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Department of Atmospheric Science

Tues., Oct. 25, 3:10 pm, EN6085

Aerosol Impacts on Orographic Precipitation: From Accumulation Mode to Giant Sea-salt Aerosols

Dr. Alison Nugent



Mountains around the globe control precipitation patterns and water resources.  Here the focus of the first half of the presentation is on understanding thermally driven orographic precipitation in the tropics over a small island.  An aircraft dataset from the Dominica Experiment (DOMEX) which took place in the eastern Caribbean is utilized. The UWKA aircraft measured upstream and downstream airflow properties as well as the convective clouds and precipitation over the island. When the convection is thermally driven, DOMEX observations show clear evidence of aerosol-cloud-precipitation interactions and the aerosol-aware Thompson microphysics scheme in WRF is used to investigate.  Accumulation mode aerosols lofted from the island surface impact the precipitation development in the orographic clouds, leading to reduced precipitation.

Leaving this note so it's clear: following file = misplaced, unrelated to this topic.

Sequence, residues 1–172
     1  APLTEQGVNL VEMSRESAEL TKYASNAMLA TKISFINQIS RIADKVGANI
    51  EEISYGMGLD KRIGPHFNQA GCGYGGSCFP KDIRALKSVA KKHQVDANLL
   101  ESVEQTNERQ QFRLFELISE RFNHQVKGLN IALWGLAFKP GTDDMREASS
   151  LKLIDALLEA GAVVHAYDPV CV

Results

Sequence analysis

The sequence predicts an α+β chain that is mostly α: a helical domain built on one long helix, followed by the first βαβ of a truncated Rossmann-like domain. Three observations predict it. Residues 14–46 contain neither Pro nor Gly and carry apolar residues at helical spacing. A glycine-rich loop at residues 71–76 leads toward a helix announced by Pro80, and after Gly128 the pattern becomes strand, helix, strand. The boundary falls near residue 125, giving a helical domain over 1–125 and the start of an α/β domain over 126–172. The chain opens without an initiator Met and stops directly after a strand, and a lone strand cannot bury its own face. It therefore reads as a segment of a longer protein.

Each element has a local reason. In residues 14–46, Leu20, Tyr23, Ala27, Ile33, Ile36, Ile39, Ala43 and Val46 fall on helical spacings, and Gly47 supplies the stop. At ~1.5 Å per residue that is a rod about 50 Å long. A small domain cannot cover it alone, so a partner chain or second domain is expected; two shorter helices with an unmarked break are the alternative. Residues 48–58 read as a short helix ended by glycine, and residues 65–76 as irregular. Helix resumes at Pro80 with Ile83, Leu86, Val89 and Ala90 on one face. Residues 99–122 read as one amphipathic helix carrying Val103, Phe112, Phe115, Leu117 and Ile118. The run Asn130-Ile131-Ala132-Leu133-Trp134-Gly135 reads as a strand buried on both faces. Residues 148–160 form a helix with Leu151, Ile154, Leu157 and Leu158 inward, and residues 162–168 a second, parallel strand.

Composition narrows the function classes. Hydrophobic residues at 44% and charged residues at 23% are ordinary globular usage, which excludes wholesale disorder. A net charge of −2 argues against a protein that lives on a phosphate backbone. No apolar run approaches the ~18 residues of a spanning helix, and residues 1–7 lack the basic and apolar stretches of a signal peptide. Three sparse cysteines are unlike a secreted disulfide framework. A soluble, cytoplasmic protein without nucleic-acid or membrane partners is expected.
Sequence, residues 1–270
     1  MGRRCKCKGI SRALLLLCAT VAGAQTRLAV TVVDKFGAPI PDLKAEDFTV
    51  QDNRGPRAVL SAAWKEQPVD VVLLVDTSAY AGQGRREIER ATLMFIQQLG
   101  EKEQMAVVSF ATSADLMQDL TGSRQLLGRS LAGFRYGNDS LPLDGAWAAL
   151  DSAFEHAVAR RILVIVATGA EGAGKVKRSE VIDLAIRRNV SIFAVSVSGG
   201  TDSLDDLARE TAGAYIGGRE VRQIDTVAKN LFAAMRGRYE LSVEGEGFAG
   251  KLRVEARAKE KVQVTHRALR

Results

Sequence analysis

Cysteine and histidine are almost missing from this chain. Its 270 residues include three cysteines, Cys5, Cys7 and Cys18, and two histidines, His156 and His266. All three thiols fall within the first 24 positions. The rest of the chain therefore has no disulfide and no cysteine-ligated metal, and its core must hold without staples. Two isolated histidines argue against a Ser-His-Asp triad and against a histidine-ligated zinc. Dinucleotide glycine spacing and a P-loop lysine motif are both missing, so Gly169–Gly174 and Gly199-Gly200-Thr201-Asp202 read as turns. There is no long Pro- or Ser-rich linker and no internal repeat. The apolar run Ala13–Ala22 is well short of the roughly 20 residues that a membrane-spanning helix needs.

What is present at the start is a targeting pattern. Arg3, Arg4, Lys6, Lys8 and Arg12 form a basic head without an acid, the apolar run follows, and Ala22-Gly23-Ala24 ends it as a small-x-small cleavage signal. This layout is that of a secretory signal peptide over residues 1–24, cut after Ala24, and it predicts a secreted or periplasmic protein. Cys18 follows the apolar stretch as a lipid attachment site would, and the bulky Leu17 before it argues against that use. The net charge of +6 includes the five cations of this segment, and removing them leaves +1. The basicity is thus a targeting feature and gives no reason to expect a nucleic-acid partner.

In the second part of the presentation, the growth of giant sea-salt aerosols will be explored.  Condensational growth of cloud droplets is often assumed to be a well-understood process using the droplet growth equation.  After cloud condensation nuclei are activated into cloud droplets at cloud base, the growth rate of these droplets is assumed to be inversely proportional to their radius, and consequently the droplet spectrum is assumed to narrow with altitude.  However, this effect ignores the solute mass contained within the cloud droplet and when considering the growth on cloud droplets grown on giant sea-salt aerosol particles (GCCN, dry radius > 0.5 μm), this process is very different. These droplets typically remain concentrated salt solutions, and their condensational growth is so rapid that they attain precipitation drop sizes through condensation only.  This has strong application to orographic precipitation production over coastal mountain ranges where oceanic air containing GCCN is rapidly lifted by terrain.  Potential implications include accelerated initiation of warm rain, and features such as non-bright band precipitation.

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